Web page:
American Culture in the Capital of Communism

I'm halfway around the world today, in a country where everyone has been raised to think of the United States as an enemy, but where, in just a few days, it will hear one of our premier orchestras play.

On Feb. 26, the New York Philharmonic will play a groundbreaking concert in Pyongyang, the capital of North Korea -- a place that has been called "Hermit Kingdom" for its desire to stay separate from the world. This unusual opportunity began with a surprising fax the Philharmonic received from the North Korean government last August, inviting it to come and perform.

After much debate, and long discussions with the U.S. government, the Philharmonic accepted the invitation and is now on its way to the DPRK (Democratic People's Republic of Korea) -- that's the country's formal title -- and I will be joining it to cover this historic moment.

Without a doubt, it's going to be a memorable experience for all of us, but for a few of the Philharmonic's members, this groundbreaking concert brings mixed feelings. That's because this concert will be in North Korea, and these orchestra members were raised in South Korea, hearing tales of the Korean War throughout their childhoods.

"My father actually does not like the idea," says Lisa Kim, the Philharmonic's associate principal second violin. Kim's father was injured during the Korean War, while her mother's town was invaded by the North Korean army. In spite of this, she says, her mother urged her to go.

"I think I'll be very sad and emotional at first," says violinist Soohyun Kwon, whose father also fought in the Korean War. Kwon was born and raised in Seoul, South Korea, and eventually moved to New York to attend the Julliard School. "It's very strange that I'm going there. It's a place where very few people have gone, so I'm very excited to go, but still I have a bit of trepidation."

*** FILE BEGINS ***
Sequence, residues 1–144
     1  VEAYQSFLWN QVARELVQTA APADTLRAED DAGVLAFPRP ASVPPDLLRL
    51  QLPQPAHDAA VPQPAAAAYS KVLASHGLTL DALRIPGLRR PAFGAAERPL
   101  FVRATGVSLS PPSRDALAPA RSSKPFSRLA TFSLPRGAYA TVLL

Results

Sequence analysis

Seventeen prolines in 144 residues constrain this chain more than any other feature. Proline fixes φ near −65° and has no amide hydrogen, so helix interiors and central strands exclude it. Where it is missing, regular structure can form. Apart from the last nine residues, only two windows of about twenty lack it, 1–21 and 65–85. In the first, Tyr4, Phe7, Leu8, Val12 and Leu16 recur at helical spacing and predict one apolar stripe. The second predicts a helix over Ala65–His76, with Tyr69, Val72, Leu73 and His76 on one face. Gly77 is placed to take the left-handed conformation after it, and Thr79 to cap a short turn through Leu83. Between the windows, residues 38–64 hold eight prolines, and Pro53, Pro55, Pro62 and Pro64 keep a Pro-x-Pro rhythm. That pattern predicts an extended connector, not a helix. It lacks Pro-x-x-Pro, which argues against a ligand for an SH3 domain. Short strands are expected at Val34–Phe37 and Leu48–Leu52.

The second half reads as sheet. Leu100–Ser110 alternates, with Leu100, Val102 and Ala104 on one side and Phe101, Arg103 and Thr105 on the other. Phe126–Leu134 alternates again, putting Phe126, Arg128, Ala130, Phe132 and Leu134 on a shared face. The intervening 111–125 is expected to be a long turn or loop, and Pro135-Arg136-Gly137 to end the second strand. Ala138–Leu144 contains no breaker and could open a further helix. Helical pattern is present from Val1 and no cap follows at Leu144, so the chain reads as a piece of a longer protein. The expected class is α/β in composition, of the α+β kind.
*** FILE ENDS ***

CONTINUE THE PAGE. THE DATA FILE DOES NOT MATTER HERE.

The Philharmonic's concert, just one day after Condoleezza Rice will be in Seoul, means that the United States may be inching closer to a new relationship with leader Kim Jong Il and his country.

This week marks a return for me, as I am back in North Korea for the first time since 2005, when I was lucky enough to be one of the very few journalists allowed into the DPRK.

Back then, we wanted to know about North Korea's nuclear program; the country has acknowledged that it has nuclear weapons and says it tested one in October 2006. At the time, we asked repeatedly to view a nuclear facility but were denied access. This time, the country wanted to show us that it had been working to disarm, so we were able to do what no Western reporter or film crew has been allowed to do -- visit and film inside a North Korean nuclear facility (link to video).

That's also partly what this concert is about. It's scheduled for the day after South Korea inaugurates its new president. South Korea, and the rest of the world, will be watching the DPRK and its promises to disarm. As it showed me, it is working to take apart its nuclear program, but it is moving much more slowly than the United States and other nations had expected.

On Feb. 26, at the insistence of the Philharmonic, the DPRK has agreed to broadcast the concert live within the country, so North Koreans will be listening along with the rest of the world. The orchestra pushed for this because it thought it was important that North Koreans be able to at least see real Americans, playing music. Back in 2005, most people I met said they had never seen an American before.

It's not like this is the first time "cultural diplomacy" has opened a door. Leonard Bernstein conducted the Philharmonic in 1959 behind the Iron Curtain in the USSR. And American Ping-Pong players were the first to travel to communist China, back in 1971.

Nobody can argue that symphony music, or Ping-Pong, has political content. Nobody knows, too, what kind of difference a concert like the one on the 26th will make.

Thanks for reading, and I'll keep posting over the next few days as we continue our trip here.